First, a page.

“Every month, in part thanks to our customers, we donate around 75 books to schools all over the UK,” he explains. “The schools request the books and we send them to help create a more diverse library. As well as sending these books, I wanted something more brand-wise that we could send in, which is where ‘Wear Your Colours With Pride’ came from.”
This design project, which Matt has received funding and support from 99designs by Vistaprint to help realise, comes from a desire to create wearables and a brand identity – not just for the Queer Lit bookshop, but for the community quickly growing around it.
“We wanted it to be character based, that was in in of itself inclusive, so includes BAME people and other marginalised groups,” says Matt, referring to the design. “So it isn’t just cis white people. We also wanted them to be physically wearing their colours [as drawn from the various iterations of the Pride flag that represent different parts of the community].”
For Little George, the designer responsible for the new Wear Your Colours With Pride logo, it was about capturing the breadth of the community: “Both the brand and the art are colourful, diverse, cheerful and bold – through the shapes, details and free strokes.”
The idea draws on a journey that many within the LGBTQ community go on when it comes to grappling with their sexuality or gender identity. Many of us begin in the closet, shy and unsure, seeking to hide ourselves away as we grapple with a world that is often – at least implicitly – hostile to us. But as we go further along that journey, and begin to accept who we are, we are proud to display it. Proud to be visible.
Design by Little George on 99designs by Vistaprint
“We wanted to capture the idea of that journey and that acceptance in our design,” Matt remarks. “Along with books we can send stickers, t-shirts, hoodies into schools so that, if you have read the books, you can wear the hoodie too. Little things like that so people can identify themselves not only as LGBTQ – but also as allies.”
Matt grew up in a remote part of south Devon. Though he had an “incredibly accepting and supportive” journey in regards to his own sexuality, he recognises that that’s not the same for everyone that comes from places like he does. With Queer Lit and Wear Your Colours With Pride, he hopes to change that.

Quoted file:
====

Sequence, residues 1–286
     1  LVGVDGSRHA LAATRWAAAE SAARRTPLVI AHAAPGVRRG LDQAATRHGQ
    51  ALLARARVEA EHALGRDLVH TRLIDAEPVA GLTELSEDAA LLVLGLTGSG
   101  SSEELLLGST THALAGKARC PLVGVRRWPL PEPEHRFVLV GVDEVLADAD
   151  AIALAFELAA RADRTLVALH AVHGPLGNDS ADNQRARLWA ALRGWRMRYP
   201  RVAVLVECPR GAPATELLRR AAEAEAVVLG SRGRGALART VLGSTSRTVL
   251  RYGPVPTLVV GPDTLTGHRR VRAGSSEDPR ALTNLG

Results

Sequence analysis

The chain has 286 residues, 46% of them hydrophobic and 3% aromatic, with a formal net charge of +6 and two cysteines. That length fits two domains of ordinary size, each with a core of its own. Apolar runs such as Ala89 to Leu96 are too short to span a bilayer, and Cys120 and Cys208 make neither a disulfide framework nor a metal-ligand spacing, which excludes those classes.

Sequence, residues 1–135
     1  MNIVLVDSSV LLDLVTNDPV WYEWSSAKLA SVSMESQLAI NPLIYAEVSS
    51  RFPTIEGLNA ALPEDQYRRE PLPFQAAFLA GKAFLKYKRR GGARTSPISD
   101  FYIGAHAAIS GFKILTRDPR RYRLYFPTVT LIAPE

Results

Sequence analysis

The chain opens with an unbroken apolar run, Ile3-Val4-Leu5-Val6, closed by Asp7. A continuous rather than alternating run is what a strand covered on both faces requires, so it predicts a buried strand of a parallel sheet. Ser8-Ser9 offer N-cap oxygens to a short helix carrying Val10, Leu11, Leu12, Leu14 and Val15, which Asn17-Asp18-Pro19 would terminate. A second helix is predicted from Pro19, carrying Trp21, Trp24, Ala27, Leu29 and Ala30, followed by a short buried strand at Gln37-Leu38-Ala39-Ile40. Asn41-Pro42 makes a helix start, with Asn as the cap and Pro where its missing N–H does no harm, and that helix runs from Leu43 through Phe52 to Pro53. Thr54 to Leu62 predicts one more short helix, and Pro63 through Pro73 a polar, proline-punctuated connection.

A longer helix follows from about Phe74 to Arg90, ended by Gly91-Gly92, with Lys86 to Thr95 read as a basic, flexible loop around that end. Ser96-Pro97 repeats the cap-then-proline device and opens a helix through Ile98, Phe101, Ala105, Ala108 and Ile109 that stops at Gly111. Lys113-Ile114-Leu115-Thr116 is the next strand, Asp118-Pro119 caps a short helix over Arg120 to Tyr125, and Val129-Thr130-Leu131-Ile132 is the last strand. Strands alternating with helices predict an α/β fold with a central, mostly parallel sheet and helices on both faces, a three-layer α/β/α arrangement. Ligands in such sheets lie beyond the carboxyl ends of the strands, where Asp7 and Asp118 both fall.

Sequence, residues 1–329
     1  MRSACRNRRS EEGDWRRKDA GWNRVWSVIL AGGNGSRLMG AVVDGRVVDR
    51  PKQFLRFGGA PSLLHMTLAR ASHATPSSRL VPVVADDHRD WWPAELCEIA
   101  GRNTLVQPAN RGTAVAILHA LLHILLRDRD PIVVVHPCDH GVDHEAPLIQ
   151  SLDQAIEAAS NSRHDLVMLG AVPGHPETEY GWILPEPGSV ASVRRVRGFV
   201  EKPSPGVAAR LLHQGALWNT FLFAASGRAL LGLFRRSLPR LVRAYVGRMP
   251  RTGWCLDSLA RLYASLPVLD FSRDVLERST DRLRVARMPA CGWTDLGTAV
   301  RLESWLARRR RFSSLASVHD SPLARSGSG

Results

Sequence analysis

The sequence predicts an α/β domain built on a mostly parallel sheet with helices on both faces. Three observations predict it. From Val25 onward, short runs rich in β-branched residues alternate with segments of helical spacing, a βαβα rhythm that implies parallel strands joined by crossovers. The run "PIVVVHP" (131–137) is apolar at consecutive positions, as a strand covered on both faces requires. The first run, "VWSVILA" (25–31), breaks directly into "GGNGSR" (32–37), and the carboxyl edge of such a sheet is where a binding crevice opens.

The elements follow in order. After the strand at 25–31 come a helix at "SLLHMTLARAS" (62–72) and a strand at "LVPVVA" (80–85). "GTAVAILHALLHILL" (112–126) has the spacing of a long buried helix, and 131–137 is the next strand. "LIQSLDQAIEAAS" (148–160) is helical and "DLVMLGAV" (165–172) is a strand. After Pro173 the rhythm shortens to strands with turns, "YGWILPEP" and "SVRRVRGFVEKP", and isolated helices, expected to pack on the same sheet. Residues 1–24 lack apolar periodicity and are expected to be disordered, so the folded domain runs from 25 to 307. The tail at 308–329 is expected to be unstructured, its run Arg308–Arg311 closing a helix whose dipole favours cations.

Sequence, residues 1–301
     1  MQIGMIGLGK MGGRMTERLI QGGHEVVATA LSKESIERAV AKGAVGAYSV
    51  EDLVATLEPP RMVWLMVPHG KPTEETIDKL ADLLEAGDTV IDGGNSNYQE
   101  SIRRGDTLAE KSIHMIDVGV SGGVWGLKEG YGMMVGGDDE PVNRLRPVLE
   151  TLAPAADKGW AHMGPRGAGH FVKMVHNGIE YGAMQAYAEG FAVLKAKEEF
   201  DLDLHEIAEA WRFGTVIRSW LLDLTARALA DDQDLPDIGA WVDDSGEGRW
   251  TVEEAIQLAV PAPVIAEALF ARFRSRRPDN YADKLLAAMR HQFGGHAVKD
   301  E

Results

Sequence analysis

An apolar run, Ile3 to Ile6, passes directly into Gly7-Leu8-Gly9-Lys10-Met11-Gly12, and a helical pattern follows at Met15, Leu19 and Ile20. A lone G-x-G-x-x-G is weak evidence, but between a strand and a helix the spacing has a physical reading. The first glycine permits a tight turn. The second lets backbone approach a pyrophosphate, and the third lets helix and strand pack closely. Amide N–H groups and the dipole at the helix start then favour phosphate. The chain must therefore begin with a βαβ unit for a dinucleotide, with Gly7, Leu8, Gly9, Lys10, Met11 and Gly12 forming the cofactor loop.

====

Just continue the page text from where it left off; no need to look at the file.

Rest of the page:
“What we’ve already found is that those schools that we’ve sent books to have been getting back to us saying, ‘This book has already been reserved for the next seven spaces.’ Any person we help to better understand their sexuality or gender identity, it’s a win. Any person that we help to embrace more diverse literature and become an ally to stand up in our corner, it’s a win.”
Stories of LGBTQ struggle and liberation often centre on huge moments: slivers in time that see seismic changes or leaps forward. What we often forget is that people are often toiling away for years out of the limelight, helping to spread tolerance, love and acceptance. People like Matt who, book by book, are seeking to build a better world for all of us.
“All these tiny little miniscule changes between one person and the next person helps that little kid in the corner who is too scared to ask,” he says. “It gives them the opportunity to find out more about themselves – and to love themselves.”
By Design is an editorial series created with 99designs by Vistaprint, in which all participating businesses receive a design makeover, as well as a financial grant to help them embark on their next chapter. Read more stories from the series here.
The new Queer Lit logo was created by Little George on 99designs by Vistaprint.